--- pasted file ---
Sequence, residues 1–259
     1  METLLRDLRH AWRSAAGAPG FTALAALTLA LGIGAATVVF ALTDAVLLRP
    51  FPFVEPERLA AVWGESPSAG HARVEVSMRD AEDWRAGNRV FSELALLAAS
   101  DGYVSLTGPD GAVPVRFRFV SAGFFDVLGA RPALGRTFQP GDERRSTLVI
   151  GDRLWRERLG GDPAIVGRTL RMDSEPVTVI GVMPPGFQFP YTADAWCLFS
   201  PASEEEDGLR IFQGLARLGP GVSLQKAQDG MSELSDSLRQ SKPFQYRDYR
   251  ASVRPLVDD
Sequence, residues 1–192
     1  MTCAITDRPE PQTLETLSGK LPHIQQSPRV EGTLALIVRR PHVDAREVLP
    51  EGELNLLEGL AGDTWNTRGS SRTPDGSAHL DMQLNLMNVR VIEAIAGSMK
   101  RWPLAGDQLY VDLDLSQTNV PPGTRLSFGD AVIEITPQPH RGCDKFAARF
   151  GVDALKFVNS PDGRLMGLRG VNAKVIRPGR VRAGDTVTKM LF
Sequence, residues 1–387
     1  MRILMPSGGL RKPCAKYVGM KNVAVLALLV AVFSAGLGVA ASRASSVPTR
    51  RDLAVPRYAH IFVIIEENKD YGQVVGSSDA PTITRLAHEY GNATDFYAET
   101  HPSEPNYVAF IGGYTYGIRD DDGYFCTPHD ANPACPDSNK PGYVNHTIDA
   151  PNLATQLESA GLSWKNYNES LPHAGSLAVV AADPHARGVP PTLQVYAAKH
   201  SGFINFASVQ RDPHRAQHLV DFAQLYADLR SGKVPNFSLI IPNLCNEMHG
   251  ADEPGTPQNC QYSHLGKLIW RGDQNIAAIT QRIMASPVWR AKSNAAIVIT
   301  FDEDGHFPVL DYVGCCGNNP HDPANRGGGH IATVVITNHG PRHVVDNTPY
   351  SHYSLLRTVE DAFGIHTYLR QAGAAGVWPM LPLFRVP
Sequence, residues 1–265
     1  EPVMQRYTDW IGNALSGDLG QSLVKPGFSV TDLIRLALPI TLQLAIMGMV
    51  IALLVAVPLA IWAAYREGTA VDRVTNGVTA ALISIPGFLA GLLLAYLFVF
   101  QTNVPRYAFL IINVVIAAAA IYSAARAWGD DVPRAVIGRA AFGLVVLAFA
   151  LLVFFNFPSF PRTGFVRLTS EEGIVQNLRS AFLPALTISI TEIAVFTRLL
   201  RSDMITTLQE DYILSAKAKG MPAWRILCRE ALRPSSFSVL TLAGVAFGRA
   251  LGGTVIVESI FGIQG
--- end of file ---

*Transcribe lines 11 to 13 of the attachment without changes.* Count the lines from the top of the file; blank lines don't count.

   101  RWPLAGDQLY VDLDLSQTNV PPGTRLSFGD AVIEITPQPH RGCDKFAARF
   151  GVDALKFVNS PDGRLMGLRG VNAKVIRPGR VRAGDTVTKM LF
Sequence, residues 1–387